A good quote can be the heart of a compelling article. Good quotes help to tell a story and enhance the credibility of a press release, news story or speech. Words that are crafted well can leave a lasting impact on the world.
Every day I drive by a reader board on my way home from work and every few days there is a new quote that streams across the screen. I find myself looking forward to sneaking a peak at what inspirational message I will have to ponder on my commute home. This is the impact that words can have.
The following are some memorable quotes that have lived on past their delivery:
“I’ll be back,” California Governor, Arnold Schwarzenegger’s most famous quote isn’t from his time in office, but from the big screen.
“If it doesn’t fit, you must acquit,” Defense attorney Johnnie Cochran arguing that a glove used as murder evidence in the O.J. Simpson trial was too small.
“Just say no,” Nancy Reagan’s anti-drug campaign slogan.
“Read my lips: no new taxes,” George H.W. Bush, accepting the GOP presidential nomination in New Orleans.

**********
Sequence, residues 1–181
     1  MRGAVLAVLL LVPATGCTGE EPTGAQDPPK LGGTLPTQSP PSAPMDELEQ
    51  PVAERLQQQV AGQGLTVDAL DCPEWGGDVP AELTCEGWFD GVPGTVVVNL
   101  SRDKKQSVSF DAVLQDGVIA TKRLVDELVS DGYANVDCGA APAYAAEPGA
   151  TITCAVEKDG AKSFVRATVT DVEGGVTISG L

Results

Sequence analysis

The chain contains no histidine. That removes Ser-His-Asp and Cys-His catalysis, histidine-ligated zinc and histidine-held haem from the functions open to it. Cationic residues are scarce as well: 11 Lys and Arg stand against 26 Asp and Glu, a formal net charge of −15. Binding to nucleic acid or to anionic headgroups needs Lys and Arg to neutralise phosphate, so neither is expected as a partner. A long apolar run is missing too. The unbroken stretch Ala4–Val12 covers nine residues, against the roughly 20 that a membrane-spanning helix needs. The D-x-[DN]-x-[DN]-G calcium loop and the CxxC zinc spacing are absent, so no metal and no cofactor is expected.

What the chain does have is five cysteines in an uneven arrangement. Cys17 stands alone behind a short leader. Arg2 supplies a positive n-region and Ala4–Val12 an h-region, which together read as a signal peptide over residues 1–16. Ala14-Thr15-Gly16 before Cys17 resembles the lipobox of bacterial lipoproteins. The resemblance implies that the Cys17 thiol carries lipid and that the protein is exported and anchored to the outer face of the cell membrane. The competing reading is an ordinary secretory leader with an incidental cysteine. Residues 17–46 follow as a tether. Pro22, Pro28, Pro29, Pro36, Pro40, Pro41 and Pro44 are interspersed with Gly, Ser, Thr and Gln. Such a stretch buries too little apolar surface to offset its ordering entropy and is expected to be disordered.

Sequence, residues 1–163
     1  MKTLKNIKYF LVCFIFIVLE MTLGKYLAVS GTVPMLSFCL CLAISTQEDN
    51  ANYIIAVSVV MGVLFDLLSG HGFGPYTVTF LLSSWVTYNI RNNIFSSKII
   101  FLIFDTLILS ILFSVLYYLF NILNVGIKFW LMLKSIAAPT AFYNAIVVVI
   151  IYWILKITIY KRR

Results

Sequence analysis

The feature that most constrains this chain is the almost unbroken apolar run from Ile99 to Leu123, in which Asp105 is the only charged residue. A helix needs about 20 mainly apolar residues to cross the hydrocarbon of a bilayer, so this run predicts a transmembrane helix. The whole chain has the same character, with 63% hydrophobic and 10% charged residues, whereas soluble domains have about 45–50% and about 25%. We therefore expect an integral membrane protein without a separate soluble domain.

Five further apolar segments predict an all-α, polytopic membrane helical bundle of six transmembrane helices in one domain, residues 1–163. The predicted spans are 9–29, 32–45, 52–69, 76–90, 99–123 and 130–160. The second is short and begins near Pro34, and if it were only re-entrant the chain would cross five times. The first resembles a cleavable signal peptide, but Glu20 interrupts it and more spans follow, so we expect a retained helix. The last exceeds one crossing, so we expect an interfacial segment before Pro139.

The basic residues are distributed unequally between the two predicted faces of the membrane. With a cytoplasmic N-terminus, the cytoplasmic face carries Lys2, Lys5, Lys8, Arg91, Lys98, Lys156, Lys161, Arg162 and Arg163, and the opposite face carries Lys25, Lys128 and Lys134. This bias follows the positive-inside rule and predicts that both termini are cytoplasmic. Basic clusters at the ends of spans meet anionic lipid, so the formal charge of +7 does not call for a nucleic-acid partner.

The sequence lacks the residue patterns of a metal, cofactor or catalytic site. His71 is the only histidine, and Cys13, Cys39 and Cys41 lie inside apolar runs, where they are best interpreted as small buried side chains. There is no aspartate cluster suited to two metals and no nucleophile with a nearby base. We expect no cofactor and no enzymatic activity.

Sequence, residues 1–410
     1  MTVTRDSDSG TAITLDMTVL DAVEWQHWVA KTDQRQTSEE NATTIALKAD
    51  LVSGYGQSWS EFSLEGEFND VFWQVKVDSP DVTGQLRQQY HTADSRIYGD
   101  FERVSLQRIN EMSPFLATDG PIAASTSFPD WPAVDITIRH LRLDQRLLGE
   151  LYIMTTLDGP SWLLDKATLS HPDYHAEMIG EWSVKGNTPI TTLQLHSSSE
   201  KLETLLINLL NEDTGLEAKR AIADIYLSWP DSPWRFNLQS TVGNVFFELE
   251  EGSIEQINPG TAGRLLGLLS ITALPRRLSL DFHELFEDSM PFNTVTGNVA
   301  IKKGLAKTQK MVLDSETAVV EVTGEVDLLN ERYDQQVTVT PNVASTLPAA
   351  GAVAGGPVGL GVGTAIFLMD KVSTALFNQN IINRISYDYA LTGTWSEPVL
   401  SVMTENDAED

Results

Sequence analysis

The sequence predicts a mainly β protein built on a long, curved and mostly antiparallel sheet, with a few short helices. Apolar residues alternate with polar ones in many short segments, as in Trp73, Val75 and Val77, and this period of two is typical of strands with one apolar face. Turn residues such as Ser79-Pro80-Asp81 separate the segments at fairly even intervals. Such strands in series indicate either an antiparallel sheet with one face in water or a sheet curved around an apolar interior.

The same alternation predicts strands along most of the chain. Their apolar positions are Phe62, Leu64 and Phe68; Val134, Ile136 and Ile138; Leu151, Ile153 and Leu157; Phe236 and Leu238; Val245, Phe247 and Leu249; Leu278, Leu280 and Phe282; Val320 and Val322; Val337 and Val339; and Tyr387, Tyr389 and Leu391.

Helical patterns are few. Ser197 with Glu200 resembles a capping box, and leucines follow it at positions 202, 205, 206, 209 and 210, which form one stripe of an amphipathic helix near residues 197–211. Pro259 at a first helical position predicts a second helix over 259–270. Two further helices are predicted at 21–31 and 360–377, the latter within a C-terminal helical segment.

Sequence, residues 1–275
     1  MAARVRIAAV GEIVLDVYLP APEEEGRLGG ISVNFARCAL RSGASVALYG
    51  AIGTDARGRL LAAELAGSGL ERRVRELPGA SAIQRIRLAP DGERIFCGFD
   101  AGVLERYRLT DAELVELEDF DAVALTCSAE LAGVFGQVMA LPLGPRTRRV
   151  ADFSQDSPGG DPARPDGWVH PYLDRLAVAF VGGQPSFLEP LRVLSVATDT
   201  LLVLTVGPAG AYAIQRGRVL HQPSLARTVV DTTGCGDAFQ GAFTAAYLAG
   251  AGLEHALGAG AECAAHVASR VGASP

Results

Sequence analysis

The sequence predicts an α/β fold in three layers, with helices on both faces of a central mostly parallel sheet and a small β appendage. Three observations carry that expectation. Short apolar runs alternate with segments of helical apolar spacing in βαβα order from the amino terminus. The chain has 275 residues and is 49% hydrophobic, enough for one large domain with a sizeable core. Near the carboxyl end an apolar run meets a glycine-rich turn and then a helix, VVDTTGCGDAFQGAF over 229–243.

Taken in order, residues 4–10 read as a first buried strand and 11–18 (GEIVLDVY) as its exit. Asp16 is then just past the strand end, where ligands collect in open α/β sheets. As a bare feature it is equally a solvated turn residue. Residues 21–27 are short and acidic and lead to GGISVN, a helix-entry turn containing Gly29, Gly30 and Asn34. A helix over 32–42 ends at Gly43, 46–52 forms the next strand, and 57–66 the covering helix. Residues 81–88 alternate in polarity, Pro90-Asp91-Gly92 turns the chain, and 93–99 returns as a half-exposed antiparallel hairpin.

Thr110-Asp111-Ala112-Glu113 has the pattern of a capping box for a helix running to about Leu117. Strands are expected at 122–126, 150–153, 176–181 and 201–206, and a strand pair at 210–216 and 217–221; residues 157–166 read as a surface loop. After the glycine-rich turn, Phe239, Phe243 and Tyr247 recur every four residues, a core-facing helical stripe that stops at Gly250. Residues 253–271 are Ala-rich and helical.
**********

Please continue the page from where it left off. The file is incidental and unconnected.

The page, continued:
“In the 21st century, it’s not enough to leave no child behind. We need to help every child get ahead,” Barack Obama, asking Congress to rewrite the decade-old No Child Left Behind law – which requires that public school students be measured by regular testing – by this fall.
It is good to keep in mind those words that have caught our attention, as we create the words that will be used to represent a product, company or person. As a spokesperson you want to ensure that your message is clear, concise, compelling and it doesn’t hurt to be catchy.
Not only do we want to strive to be eloquent and pointed in our speech, but use phrases that will resonate beyond the daily news cycle. For tips on what makes a good story, check out our past blog post, “What Makes a Good Story?”